Category Archives: Current Affairs

Today’s #Tabletop Hangout

Last week, I had a meeting at Geek and Sundry to discuss several geek and sundry things, some of them related to my show Tabletop. We all thought it would be fun and awesome to do a live Google Hangout Q&A thingy for all the people who love the show and are sadface that there won’t be new episodes until January. We were pretty excited to have a whole hell of a lot of fun tonight.

In light of Friday’s mass murder in Connecticut, though, it just felt wrong to me, and I thought we should postpone it for a week or more. I discussed it with some of my cow orkers at G&S, and we decided that we’d do whatever I decided. Unable to make a decision I felt good about on my own, I went for a walk with Anne, and asked her opinion and advice.

“Gaming is a family activity, and people watch Tabletop with their kids,” she said, echoing something Tabz at G&S had said to me earlier in the day, “it seems like giving anyone who wants a break from the sadness and horror we’re all feeling an hour to talk and think about things we love and the people we love is a good thing.”

I’ve said before that Anne is the brains in our relationship. She’s also the heart and soul.

After 9/11, we canceled our shows at ACME because none of us felt like we could be funny. I’m feeling similar emotions now… but I don’t have to be funny or perform. I just have to not suck, and I can do that. I can still provide an hour for us to talk about games, about the production of the show, and maybe share some stories about how gaming is important to my family.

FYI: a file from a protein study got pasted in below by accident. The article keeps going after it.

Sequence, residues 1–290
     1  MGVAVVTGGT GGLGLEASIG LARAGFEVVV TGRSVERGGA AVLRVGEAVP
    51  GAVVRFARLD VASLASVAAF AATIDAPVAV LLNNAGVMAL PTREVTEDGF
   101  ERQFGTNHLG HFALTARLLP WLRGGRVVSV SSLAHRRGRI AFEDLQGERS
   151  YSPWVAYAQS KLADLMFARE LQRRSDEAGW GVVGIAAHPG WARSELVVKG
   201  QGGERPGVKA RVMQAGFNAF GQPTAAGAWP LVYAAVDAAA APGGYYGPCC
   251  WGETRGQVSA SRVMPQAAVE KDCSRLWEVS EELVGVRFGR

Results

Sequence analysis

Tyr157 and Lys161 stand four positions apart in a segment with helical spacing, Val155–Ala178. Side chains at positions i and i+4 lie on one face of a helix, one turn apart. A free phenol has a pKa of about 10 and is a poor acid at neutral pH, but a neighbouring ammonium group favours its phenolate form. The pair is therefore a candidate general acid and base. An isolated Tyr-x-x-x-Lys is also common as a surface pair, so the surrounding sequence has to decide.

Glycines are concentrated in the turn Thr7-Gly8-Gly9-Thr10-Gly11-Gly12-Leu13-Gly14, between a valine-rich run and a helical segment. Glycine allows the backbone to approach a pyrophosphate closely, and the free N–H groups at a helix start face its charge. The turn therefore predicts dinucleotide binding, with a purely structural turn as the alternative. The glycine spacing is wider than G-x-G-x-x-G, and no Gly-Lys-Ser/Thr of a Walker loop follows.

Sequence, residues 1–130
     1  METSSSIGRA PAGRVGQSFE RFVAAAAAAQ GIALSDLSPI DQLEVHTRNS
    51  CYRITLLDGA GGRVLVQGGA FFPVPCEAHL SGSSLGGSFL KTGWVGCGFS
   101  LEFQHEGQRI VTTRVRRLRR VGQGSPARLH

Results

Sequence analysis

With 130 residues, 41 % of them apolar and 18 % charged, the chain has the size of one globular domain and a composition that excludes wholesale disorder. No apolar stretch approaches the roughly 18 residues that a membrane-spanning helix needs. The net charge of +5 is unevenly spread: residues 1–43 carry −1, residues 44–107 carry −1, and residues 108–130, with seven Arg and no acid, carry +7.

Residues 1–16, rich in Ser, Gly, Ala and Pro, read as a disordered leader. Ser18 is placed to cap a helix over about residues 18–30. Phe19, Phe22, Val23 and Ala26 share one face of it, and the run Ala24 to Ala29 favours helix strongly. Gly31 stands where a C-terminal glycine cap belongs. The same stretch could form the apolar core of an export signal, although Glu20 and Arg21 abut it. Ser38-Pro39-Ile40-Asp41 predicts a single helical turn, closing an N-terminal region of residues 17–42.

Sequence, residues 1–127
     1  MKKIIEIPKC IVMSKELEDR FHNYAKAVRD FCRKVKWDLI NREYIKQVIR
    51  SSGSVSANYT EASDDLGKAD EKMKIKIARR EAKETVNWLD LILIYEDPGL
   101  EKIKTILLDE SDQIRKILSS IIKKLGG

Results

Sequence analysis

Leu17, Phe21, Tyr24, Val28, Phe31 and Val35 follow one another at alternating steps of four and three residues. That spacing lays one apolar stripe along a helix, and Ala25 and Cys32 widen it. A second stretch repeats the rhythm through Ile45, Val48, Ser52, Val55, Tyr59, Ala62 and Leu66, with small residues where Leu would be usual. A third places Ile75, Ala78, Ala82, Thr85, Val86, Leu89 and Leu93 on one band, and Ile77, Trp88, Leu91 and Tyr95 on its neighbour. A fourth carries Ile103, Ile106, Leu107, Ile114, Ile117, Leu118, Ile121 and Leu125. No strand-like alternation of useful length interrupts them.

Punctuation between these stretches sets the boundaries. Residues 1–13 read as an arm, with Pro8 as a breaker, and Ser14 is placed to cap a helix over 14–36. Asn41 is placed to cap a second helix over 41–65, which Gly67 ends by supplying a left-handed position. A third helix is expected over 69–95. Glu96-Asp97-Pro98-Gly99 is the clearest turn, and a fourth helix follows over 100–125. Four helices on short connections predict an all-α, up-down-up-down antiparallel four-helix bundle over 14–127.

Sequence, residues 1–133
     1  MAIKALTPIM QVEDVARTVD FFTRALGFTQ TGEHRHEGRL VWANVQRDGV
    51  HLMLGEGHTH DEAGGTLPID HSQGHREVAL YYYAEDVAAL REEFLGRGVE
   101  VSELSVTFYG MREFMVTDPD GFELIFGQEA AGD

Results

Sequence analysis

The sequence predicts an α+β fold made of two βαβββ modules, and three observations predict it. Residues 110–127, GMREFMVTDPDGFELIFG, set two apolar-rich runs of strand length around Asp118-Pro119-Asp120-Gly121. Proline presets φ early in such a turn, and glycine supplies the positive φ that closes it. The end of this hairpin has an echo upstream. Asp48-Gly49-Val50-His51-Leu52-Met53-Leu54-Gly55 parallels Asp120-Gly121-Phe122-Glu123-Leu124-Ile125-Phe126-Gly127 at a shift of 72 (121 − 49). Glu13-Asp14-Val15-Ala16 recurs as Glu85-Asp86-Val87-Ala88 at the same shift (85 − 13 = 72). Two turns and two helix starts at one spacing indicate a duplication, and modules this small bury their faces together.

So that’s what I’m going to do. For an hour tonight, from 6pm Pacific time, I’ll be taking your questions about Tabletop and gaming. @GeekAndSundry will have all the details you need to know so you can watch and submit your questions.



Today on Twitter, noted Science Fiction Author and Cat-Bacon-Taper John Scalzi declared:



A group of concerned cats immediately replied with this political action message:

Then, in a desperate attempt to deflect attention from his cat bacon taping, Scalzi accused beloved science fiction, television, film, stage, theater, internet, radio, and teenage-fever-dream star Wil Wheaton of being behind the whole thing. Wheaton, who everyone loves for reasons, denied the scandalous allegation. Scalzi then produced an obviously fake “receipt”:

But Mister Scalzi can not produce the LONG FORM RECEIPT! He continues to dodge the tough questions, and instead of responding to a simple and reasonable request, he produced this: